Celestial Being

Overshadowed by its more lionised ‘gullwing’ predecessor, the 1957 Mercedes-Benz 300 SL roadster was in many ways the superior car. DTW recalls a time when Daimler-Benz was a superior motor company.

Image: Classics Honest John

Mercedes-Benz: A name that at one time symbolised a continuum stretching back to the dawn of motoring and an ethos that embodied the sternest, most rigourous engineering ideals with a relentless Swabian logic. By 1957, the Mercedes-Benz 300SL was the most modern, most eloquent exponent of these principles and perhaps the most technically accomplished car in production – this side of a Citroën’s homegrown goddess anyway. Continue reading “Celestial Being”

An Evergreen Novelty Resurfaces, Yet Again

At Easter, DTW came across a Tesla Model X parked in a field in France.

Elon’s Alphabetic Masterplan – Models S & X – Image : autoexpress.co.uk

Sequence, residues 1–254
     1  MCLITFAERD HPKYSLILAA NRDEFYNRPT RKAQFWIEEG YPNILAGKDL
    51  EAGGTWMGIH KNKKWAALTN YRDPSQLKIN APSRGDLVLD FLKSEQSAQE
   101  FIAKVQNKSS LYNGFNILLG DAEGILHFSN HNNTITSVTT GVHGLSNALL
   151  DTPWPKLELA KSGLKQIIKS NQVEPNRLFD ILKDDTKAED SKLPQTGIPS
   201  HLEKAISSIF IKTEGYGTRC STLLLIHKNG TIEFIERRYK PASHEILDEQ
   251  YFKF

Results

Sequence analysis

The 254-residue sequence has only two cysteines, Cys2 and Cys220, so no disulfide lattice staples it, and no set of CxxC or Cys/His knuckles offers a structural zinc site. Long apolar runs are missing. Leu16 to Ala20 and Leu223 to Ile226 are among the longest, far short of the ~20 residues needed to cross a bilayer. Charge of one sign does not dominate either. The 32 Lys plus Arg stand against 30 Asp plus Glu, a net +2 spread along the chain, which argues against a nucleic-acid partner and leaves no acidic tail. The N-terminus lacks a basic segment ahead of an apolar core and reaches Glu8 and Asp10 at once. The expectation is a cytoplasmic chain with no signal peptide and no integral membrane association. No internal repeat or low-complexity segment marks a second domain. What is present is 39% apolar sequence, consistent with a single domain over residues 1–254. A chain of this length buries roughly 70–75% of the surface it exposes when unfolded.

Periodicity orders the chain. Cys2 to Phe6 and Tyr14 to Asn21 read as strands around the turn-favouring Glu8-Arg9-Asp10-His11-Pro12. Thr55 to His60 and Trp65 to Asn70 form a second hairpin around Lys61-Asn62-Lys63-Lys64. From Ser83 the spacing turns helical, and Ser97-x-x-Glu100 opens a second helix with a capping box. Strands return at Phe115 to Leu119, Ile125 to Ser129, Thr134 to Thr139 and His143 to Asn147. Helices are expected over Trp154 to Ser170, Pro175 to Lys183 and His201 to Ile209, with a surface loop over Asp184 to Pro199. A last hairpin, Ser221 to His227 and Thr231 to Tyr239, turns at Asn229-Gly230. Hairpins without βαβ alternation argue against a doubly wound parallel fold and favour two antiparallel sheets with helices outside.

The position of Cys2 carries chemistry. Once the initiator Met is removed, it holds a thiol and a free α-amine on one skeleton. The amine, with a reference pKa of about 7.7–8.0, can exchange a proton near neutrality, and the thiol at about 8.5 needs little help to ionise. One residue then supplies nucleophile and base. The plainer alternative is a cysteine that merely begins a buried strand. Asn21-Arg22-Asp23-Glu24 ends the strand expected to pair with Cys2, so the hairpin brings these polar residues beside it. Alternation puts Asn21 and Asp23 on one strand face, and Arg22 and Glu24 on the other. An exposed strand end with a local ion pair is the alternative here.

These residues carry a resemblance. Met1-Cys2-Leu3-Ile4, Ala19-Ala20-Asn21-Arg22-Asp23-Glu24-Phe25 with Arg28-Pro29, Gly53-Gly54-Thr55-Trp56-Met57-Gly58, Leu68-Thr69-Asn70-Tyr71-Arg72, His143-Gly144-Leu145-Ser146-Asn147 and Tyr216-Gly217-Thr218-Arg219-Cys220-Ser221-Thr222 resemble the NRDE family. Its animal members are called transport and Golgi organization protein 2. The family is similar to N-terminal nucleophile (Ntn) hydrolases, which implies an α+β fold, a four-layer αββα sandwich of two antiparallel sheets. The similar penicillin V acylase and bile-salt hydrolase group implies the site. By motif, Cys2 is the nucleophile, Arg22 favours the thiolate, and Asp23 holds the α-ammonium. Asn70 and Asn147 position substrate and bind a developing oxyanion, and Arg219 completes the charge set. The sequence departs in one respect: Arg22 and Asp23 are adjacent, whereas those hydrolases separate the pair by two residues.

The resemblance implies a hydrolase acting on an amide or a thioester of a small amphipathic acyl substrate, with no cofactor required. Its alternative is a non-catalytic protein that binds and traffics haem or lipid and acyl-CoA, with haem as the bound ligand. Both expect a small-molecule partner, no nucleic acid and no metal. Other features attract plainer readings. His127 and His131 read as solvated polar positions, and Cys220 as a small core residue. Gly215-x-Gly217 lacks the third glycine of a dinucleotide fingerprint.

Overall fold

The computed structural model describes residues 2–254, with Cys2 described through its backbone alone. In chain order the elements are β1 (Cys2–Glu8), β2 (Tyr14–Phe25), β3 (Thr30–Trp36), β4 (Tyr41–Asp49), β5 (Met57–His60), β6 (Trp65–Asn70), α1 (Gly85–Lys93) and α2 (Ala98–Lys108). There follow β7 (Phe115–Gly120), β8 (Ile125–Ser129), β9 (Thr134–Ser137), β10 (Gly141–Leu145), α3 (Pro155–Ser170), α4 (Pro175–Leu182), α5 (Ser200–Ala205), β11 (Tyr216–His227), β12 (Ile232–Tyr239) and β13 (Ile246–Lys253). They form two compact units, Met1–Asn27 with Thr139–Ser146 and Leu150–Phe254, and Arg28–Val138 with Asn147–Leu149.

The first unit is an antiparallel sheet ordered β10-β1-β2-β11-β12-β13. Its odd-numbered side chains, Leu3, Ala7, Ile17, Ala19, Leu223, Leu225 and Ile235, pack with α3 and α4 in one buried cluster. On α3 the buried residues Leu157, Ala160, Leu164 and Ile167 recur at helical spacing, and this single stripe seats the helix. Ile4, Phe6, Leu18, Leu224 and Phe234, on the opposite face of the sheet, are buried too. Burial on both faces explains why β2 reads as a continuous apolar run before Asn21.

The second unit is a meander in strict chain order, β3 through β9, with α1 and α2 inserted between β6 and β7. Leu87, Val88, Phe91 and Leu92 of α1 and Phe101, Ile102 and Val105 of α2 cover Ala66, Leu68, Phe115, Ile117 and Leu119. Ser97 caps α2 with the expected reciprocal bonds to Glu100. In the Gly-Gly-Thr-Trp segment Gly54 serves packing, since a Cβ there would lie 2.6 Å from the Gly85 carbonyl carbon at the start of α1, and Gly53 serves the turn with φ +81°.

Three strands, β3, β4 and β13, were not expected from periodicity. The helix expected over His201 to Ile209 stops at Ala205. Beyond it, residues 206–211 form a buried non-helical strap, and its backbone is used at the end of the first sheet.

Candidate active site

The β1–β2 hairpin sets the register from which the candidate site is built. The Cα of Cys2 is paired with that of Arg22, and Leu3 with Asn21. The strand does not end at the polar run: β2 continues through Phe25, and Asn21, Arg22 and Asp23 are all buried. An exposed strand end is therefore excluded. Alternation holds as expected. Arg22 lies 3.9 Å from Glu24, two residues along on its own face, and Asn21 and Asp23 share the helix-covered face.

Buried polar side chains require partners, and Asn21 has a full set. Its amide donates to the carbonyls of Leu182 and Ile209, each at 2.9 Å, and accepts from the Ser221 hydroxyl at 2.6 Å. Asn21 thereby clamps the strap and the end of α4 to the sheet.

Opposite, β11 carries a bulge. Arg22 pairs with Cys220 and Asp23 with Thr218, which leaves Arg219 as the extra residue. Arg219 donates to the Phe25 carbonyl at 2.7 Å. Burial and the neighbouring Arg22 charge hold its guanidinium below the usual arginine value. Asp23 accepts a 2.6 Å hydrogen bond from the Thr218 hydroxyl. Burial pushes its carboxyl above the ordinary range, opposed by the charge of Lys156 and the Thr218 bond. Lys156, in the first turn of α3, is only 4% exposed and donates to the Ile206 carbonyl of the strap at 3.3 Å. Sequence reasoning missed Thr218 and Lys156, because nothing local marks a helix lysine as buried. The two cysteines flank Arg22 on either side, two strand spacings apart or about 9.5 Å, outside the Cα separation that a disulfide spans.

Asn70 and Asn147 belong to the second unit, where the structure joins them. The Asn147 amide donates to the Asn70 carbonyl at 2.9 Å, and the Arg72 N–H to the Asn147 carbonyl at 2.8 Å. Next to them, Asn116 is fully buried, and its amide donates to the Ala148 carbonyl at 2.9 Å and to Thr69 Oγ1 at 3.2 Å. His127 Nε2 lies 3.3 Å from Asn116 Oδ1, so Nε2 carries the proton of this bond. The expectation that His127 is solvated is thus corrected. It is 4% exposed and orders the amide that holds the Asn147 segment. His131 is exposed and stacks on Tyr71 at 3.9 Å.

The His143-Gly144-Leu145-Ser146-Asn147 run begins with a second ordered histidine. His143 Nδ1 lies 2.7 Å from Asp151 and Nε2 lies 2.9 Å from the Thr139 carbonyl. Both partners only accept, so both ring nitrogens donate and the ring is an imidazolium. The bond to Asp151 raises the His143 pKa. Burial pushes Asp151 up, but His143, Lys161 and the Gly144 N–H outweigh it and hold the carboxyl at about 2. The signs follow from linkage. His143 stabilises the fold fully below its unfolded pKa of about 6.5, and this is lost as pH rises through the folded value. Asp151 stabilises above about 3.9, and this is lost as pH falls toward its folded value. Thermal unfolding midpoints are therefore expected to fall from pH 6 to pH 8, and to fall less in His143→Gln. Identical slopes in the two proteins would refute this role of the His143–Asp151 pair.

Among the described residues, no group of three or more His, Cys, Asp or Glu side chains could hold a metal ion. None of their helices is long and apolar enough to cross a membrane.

From the start I was always very open-minded about Tesla, and generally feel that attitude has been vindicated. If, as I’ve been informed on various websites, it is just a scam, designed to relieve hard-working Americans of their ‘tax dollars’, it turns out to have been a remarkably long-running one that has cost Elon Musk an awful lot of money. Yes, it’s a pity that the Model S appeared rather mainstream and didn’t make more of its difference, but it looks reasonably imposing , well-proportioned and well-detailed, with a bit more presence to my eyes than a Jaguar XF. From reports, there are some things that, as a start-up manufacturer, they have overlooked and I am not sure how much I’d enjoy a car whose controls are so dominated by a huge touchscreen, bearing in mind the various glitches I’ve encountered with iPads and their like. Nevertheless, as viewed from afar, Tesla’s progress has been hugely impressive. The sight of two Model S’s plugged in to the Superchargers at Folkestone Eurotunnel the other week was testimony to the owner’s confidence that they were up to a long-range trip. But then I saw a Model X close up. Continue reading “An Evergreen Novelty Resurfaces, Yet Again”